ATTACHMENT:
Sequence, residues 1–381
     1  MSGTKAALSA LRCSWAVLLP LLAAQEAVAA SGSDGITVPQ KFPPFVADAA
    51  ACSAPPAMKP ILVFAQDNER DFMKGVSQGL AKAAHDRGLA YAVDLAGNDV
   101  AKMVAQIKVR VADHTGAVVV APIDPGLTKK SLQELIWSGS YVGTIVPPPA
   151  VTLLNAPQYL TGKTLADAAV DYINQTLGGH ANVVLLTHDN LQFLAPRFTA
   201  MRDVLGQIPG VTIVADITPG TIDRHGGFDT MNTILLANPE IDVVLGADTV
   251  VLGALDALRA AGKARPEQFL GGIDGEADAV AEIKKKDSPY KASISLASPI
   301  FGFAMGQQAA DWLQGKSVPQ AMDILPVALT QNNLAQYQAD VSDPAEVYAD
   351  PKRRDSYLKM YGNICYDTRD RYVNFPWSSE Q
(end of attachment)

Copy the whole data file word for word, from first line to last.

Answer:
Sequence, residues 1–381
     1  MSGTKAALSA LRCSWAVLLP LLAAQEAVAA SGSDGITVPQ KFPPFVADAA
    51  ACSAPPAMKP ILVFAQDNER DFMKGVSQGL AKAAHDRGLA YAVDLAGNDV
   101  AKMVAQIKVR VADHTGAVVV APIDPGLTKK SLQELIWSGS YVGTIVPPPA
   151  VTLLNAPQYL TGKTLADAAV DYINQTLGGH ANVVLLTHDN LQFLAPRFTA
   201  MRDVLGQIPG VTIVADITPG TIDRHGGFDT MNTILLANPE IDVVLGADTV
   251  VLGALDALRA AGKARPEQFL GGIDGEADAV AEIKKKDSPY KASISLASPI
   301  FGFAMGQQAA DWLQGKSVPQ AMDILPVALT QNNLAQYQAD VSDPAEVYAD
   351  PKRRDSYLKM YGNICYDTRD RYVNFPWSSE Q